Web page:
In the early 20th century, after the collapse of the Ottoman Empire in the wake of World War I, Arab nationalists sought to establish a united Arab state in Greater Syria. However, political arrangements in the Middle East, as they came into being in 1918-1923, dissected the Ottoman Empire into nation state units and paved the way for the separate development of a Syrian nationality and other national movements established in the territory of Greater Syria. Pan-Arab nationalism, whose staunch standard-bearer was Egypt’s President Gamal Abdel Nasser, as well as the Syrian Baath party and the Baathist regime, refused to acknowledge the “artificial” borders of the new states and nurtured a vision of creating a united Arab political entity.
The Al-Nusra Front and other Salafist-jihadi organizations operating in Syria do not recognize the artificial “imperialist” borders drawn after World War I. However, unlike the secular pan-Arab nationalist movement, what they seek to establish in the territory of Greater Syria is an Islamic caliphate governed by Islamic religious law as it is interpreted by radical Sunni Islam. One clear manifestation of that view could be heard in an audiotape posted by Al-Nusra Front leader Abu Muhammad al-Julani on YouTube on July 22, 2013.
According to Al-Julani, since the dawn of history Greater Syria has been an arena for the struggle of foreign empires. In his statement he mentioned the Zoroastrian Empire (i.e., Persia before the emergence of Islam) and the Byzantine Empire. However, Islam conquered Greater Syria and “Allah brought down the Byzantine and Zoroastrian empires”. Modern Western imperialism, Al-Julani said, implanted the Jews in the area through the Balfour Declaration and established infidel and corrupt Arab regimes that served the “conspiracies” of the West. In addition, a Shi’ite revolution took place in Iran, which formed an alliance with the Assad regime—an alliance also directed against (Sunni) Islam. Al-Julani’s conclusion is that those who look at the history (of Greater Syria) “can see an ongoing struggle against Islam [that continues] into our own time”. According to Al-Julani, “the blessed movement of jihad” has come to restore Islam to its rightful place at the center stage.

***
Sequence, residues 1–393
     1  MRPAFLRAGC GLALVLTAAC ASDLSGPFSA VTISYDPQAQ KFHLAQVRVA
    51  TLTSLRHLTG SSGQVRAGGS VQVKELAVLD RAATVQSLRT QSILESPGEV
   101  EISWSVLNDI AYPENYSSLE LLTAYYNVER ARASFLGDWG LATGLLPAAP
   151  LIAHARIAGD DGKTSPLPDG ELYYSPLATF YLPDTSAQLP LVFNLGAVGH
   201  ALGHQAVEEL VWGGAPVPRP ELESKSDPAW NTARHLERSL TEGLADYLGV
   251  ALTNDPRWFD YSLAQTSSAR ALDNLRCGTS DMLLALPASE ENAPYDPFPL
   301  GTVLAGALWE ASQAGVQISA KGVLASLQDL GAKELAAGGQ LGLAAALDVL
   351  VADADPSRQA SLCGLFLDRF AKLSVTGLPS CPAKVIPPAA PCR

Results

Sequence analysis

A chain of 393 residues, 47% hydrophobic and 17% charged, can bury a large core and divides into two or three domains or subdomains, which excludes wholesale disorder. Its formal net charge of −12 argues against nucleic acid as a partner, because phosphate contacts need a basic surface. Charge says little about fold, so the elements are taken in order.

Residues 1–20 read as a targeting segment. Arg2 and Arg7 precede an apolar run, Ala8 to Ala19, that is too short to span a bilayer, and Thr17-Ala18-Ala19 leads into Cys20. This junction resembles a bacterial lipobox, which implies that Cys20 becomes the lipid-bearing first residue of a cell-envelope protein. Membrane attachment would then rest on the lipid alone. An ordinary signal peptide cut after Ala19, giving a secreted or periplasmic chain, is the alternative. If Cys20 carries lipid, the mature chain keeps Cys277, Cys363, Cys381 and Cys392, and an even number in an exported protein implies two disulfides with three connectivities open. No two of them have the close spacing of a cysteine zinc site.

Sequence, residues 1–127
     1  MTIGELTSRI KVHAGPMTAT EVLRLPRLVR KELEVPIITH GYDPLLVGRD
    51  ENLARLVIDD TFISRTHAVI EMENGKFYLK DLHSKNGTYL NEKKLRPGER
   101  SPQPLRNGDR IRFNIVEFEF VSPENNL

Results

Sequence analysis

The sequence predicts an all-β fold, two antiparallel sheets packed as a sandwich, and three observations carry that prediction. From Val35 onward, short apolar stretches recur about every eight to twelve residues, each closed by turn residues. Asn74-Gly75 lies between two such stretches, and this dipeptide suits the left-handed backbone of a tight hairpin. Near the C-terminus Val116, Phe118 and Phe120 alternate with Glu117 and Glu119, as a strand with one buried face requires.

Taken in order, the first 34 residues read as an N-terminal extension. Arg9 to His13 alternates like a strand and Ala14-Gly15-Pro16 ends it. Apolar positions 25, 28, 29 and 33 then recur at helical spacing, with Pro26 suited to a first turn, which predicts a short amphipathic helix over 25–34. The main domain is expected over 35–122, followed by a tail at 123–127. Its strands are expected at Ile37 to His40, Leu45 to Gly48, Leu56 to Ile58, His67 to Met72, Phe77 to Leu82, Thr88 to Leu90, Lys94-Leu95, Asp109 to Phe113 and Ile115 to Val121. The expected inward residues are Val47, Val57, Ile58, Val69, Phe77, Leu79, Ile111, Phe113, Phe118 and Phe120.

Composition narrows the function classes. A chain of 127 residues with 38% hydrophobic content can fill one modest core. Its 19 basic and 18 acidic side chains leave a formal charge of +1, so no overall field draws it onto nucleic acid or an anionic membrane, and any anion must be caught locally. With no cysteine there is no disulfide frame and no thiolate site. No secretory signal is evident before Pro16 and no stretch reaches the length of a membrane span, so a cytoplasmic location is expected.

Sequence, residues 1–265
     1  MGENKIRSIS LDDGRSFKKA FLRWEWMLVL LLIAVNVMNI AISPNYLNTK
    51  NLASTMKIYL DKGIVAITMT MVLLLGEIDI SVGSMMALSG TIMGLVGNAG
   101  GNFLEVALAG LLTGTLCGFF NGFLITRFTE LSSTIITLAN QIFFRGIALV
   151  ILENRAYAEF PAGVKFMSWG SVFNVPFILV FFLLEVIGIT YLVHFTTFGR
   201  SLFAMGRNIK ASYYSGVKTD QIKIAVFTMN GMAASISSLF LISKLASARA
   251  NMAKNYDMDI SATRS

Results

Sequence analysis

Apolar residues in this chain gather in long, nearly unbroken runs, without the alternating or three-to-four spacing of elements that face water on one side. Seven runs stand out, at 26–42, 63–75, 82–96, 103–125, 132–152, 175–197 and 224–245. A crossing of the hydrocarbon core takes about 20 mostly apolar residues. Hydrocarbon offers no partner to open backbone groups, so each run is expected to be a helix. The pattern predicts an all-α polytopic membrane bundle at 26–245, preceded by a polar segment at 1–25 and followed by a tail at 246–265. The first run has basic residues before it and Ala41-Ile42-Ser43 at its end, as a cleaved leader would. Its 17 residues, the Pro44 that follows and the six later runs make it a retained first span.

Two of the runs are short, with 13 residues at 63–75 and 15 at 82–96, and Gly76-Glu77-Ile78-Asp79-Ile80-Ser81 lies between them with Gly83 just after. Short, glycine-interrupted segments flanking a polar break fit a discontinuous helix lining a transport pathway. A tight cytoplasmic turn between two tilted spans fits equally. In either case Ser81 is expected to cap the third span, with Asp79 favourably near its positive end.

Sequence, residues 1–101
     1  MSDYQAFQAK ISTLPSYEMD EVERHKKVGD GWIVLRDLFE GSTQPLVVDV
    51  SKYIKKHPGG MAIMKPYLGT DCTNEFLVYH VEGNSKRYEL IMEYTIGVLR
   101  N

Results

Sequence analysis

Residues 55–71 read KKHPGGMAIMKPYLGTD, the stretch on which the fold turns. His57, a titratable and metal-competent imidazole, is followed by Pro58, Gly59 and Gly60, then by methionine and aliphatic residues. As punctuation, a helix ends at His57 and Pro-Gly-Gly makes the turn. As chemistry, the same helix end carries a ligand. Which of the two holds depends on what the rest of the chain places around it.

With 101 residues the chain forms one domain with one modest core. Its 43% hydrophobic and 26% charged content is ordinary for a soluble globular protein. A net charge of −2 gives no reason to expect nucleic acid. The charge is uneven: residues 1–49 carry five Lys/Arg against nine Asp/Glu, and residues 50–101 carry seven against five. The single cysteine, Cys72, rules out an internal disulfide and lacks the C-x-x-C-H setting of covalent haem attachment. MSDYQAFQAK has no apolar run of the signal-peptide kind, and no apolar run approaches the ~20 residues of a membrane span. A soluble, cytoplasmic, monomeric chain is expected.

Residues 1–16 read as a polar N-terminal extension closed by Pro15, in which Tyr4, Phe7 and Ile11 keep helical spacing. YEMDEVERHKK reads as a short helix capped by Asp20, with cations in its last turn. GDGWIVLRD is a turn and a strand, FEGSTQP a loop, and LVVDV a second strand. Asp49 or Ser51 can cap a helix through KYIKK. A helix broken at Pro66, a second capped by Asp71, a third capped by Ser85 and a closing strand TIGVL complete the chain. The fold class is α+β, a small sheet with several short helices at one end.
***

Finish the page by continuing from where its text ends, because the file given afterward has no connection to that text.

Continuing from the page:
The Al-Nusra Front’s overall goal
A study carried out by the Quilliam Foundation specifies the Al-Nusra Front’s overall goal as set out at its first meetings, held between October 2011 and January 2012. The overall goal was defined as the establishment of a Sunni Muslim caliphate in Bilad al-Sham (Greater Syria). The Al-Nusra Front’s idea is for the caliphate to be governed by Islamic religious law (Shari’ah) and the value of jihad, thus making it a regional and global hub of violent jihad against the U.S. and the West, Israel, and pro-Western Arab countries. The fundamental overall goal has not changed: in summer 2013, Abu Muhammad al-Julani, the leader of the Al-Nusra Front, called on all rebels in Syria to join forces for the “sublime goal”: to establish a Sunni Muslim regime that will impose Islamic religious law on Greater Syria by means of jihad and prevent it from coming under “foreign imperialist control” (YouTube, July 22, 2013).
Al-Nusra Front’s field operatives have often made reference to that overall goal in their statements. For instance:
- Tayseer al-Khateeb, the head of the Al-Nusra Front Political Bureau in Aleppo, was asked whether the Islamic caliphate that the front seeks to establish would be able to make use of the world’s modern technology. In his reply Al-Khateeb stressed that there is no contradiction between modern technology and the Islamic caliphate that the Al-Nusra Front seeks to establish. Such a caliphate, according to him, will encourage a climate conducive to advanced intellectual creation (YouTube, January 12, 2013, reply to question no. 8 of 22).